"To publicly show his suffering after the final whistle was just as unnecessary as his tearful asking for forgiveness from the Reds fans."https://t.co/Heod8XW7yc
— Football365 (@F365) May 31, 2018
After leaving Charlton, George worked as an actor, playing the role of Durant Thomas in Dream Team before studying counselling and psychotherapy and becoming a human performance consultant, working in schools and prisons.
More recently, George has begun to work with Premier League clubs, but he still hesitates when asked whether younger players are now more receptive to the subject.
“They’re a bit like how I was. It was like when I was told a guy from the PFA was coming in and you see someone walk in wearing a suit and you don’t really know who he is or care what he’s on about, you just want to train.
“But it’s getting better. And I understand that when I’m in a room, a lot of the stuff I’m asking them to do is quite difficult. Most people are so used to being closed that when someone asks you to open up it’s not going to happen straight away.
“I’ve got to get through all these layers, especially with guys. I’ve got to get past the ego, maybe some personal stuff, maybe there’s nobody they think they can trust. I’ve got to get past any fear.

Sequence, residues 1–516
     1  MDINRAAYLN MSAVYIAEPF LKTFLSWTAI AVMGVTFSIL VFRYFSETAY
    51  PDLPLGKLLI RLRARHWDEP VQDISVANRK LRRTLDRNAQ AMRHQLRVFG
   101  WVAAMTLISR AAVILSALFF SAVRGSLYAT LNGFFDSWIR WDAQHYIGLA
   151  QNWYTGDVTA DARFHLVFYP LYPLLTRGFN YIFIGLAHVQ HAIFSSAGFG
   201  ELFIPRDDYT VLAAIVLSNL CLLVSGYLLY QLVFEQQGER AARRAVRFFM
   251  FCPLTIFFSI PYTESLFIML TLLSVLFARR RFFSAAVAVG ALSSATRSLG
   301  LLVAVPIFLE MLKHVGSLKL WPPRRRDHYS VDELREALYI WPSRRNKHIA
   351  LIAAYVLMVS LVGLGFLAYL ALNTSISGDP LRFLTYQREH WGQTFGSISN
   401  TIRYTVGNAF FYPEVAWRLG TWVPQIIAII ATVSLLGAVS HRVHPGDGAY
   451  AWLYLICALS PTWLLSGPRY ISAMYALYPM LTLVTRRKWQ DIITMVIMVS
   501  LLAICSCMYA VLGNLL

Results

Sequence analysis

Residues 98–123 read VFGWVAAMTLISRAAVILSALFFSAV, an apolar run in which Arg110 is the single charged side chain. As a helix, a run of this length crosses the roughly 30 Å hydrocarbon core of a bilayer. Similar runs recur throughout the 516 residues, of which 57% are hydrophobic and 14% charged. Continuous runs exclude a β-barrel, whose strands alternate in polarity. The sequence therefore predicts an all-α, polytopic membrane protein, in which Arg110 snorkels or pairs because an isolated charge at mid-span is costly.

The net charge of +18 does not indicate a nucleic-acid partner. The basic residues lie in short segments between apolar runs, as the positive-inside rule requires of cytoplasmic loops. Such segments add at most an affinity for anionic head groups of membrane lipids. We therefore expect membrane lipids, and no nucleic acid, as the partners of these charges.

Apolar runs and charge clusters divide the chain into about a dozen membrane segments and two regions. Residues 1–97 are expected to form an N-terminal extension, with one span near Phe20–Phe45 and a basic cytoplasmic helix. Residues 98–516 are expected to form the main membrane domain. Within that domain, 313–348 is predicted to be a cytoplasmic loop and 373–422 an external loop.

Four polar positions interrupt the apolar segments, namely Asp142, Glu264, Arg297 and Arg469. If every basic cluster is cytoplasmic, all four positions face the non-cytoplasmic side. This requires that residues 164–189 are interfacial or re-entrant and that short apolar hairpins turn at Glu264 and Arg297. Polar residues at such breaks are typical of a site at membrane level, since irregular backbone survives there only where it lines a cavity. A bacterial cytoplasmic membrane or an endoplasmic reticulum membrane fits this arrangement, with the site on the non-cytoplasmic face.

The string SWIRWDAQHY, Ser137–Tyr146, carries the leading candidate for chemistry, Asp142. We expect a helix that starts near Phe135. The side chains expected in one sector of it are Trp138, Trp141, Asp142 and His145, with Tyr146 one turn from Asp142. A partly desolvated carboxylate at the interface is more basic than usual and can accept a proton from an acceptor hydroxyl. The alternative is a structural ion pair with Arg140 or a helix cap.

“They’re going to think, ‘When Kevin leaves, I’ve got to be around these players still, so whatever this is, how am I going to manage what comes after today?’
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“I’m very aware of that, I try and make it all about awareness and not get too deep. I know I’m going to get resistance so I explain my past and what I do and then make sure when they do put up resistance I challenge it.
“A lot of people in that environment – and I’m talking about managers as well – are scared. When you challenge the players and the managers it’s something they’re not used to. And I’ll tell you what, you see the floodgates of their emotions just open up.
“It’s something different for them. I tell them, ‘I expect you to be open and honest and transparent, and if I expect that of you, I need to be that too.’”
A phrase George can’t help but return to is ‘emotional literacy’ which also features heavily throughout the book. And he believes that is the key to many problems not just in football, but society as a whole.
“It’s about being able to acknowledge our feelings, understanding them and managing them, empathising with other people, looking at the relationship between the two and acting accordingly.
“It’s massive and we lack that. This is why I do it. When you look at that, if everyone was more emotionally intelligent, most of our problems we wouldn’t even have.”
Soccology: Inside the Hearts and Minds of the Professionals on the Pitch by Kevin George is out now.
By Rob Conlon